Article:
With the first signals of Spring, juvenile salmon begin to emerge from the rivers around the west coast after a long, cold winter developing beneath the gravel of a stream bottom. While the emergence timing of fry varies greatly depending on species and water temperature, they will be present in many places over the next several months and represent an important food source for lots of salmonid species in the rivers and the salt. While coho, chinook and sockeye fry typically spend at least a year growing in freshwater, chum and pink salmon fry are noteworthy in that they both out migrate immediately to the ocean. This means you'll find large concentrations of fry during a narrow seasonal window and you'd better believe they get noticed by predators.
Bob Trigg's Chum Baby has been a spring Puget Sound staple for a number of years. It has all the qualities of a good beach fly. It's fairly quick to tie, is reasonably durable and can be easily modified to suit a variety of situations. While most patterns feature a bead or conehead for varying degrees of weight, it's worthwhile to tie some versions without weight as well, since chum fry tend to travel in shallow water or closer to the surface at times, or end up getting pushed there by marauding packs of cutthroat.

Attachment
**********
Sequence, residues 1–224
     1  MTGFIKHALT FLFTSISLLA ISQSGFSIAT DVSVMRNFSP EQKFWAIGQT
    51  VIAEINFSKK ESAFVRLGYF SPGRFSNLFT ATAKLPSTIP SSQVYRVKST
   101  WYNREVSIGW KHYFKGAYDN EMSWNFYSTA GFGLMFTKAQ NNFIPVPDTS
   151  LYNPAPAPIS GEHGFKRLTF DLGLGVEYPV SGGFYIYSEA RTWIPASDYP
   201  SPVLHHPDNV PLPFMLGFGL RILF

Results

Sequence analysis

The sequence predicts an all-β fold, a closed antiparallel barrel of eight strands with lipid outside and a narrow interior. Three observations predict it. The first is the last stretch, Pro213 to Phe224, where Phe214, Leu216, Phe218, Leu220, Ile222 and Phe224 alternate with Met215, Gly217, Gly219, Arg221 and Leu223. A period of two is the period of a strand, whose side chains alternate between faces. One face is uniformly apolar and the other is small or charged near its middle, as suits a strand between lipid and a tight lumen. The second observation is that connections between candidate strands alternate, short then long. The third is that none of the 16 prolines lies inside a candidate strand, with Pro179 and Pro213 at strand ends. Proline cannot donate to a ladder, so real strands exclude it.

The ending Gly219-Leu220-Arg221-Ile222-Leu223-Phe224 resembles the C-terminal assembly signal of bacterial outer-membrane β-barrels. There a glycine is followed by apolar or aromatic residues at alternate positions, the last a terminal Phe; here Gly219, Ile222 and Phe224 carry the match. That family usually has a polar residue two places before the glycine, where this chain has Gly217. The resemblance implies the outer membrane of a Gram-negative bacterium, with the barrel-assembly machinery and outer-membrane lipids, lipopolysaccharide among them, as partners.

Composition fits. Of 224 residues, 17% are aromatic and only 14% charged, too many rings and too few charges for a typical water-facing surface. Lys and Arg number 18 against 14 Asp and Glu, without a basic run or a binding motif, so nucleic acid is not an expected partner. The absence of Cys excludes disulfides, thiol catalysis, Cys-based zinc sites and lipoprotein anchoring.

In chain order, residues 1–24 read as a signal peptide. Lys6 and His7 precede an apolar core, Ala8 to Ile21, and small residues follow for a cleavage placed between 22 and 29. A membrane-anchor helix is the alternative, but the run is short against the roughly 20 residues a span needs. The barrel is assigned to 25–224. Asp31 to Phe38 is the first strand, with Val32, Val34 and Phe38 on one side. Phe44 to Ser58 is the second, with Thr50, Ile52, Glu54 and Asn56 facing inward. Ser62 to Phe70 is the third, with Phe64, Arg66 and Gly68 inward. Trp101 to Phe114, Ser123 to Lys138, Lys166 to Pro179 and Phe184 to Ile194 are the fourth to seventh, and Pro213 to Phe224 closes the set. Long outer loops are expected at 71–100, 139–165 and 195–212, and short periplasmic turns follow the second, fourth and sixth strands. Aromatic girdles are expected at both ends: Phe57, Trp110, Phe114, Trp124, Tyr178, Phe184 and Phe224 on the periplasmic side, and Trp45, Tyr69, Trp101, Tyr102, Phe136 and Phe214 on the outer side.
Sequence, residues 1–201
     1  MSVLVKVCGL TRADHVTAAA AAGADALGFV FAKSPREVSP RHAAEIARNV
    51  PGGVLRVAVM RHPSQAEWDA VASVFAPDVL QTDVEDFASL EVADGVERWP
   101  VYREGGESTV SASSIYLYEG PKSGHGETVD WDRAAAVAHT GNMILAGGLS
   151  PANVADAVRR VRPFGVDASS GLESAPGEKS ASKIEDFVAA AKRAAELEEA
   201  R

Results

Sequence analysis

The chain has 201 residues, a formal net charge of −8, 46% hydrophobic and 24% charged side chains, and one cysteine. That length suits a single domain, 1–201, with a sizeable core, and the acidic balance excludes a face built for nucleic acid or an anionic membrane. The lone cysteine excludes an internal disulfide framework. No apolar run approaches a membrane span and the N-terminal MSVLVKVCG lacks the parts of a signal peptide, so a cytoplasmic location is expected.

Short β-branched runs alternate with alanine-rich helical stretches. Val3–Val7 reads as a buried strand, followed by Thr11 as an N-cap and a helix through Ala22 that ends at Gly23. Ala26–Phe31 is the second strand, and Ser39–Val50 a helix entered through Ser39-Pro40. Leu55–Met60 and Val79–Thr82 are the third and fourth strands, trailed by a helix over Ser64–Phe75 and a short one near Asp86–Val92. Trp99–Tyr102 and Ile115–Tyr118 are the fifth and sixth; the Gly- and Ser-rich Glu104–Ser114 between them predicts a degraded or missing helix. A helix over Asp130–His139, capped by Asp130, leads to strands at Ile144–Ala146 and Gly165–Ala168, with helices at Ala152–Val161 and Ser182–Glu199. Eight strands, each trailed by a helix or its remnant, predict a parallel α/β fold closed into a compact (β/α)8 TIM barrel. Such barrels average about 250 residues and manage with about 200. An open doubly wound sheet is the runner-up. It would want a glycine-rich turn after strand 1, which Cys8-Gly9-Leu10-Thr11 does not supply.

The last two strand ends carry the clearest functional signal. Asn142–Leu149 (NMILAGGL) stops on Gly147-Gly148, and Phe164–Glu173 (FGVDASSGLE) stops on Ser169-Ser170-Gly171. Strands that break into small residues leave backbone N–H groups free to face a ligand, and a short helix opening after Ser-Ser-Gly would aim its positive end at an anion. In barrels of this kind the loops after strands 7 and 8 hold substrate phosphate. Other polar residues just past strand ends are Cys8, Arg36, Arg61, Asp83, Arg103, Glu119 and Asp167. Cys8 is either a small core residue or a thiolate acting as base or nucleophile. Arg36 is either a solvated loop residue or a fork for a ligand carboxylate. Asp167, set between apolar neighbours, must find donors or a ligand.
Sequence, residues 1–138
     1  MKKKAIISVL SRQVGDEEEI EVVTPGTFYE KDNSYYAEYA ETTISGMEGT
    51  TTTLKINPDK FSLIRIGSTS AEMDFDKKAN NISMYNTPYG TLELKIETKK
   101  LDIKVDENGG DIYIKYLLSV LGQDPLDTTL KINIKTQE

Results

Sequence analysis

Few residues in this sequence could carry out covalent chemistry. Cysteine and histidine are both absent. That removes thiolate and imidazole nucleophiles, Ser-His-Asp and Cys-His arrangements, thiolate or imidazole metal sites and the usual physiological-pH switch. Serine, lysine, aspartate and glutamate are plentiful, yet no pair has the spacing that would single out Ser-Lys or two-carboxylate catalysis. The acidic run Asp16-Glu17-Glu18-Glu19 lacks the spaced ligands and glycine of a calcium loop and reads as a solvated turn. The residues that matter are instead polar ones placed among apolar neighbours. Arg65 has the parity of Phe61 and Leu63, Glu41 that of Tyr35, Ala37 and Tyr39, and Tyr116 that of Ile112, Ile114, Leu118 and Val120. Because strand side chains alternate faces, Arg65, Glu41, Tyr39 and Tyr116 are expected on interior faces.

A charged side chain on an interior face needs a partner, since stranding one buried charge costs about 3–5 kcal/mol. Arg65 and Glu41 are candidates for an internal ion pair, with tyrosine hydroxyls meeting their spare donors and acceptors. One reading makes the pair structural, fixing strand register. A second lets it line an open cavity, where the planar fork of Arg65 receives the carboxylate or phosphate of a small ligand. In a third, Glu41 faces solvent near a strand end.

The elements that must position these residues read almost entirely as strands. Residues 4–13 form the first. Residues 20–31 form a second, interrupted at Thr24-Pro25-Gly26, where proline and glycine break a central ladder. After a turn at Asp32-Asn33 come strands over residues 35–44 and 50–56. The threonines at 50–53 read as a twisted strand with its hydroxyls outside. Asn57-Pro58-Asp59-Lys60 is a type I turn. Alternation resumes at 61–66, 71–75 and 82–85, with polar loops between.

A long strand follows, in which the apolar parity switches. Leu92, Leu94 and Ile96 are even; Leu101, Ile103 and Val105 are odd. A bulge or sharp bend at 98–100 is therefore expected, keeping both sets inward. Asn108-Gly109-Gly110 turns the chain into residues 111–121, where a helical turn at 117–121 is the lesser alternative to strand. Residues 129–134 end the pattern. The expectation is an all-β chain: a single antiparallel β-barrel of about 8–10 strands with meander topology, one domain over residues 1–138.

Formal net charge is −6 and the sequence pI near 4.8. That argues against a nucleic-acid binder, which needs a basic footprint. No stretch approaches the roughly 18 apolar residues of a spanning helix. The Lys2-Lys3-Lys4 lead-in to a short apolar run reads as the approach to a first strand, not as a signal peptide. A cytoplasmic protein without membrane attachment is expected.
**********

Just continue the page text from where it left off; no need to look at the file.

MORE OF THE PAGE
I've added a few touches to the original Chum Baby to suit my tastes, like the barred Predator Wrap overwing, which helps emphasize the signature tiger barring seen on chum fry. I also replace the original peacock collar with peacock Ice Dub, simply because it's a far more durable material. Tie up a few of this classic pattern for your saltwater box this spring. If you don't tie, we'll continue cranking them out on the vise at the shop over the next month or so for you.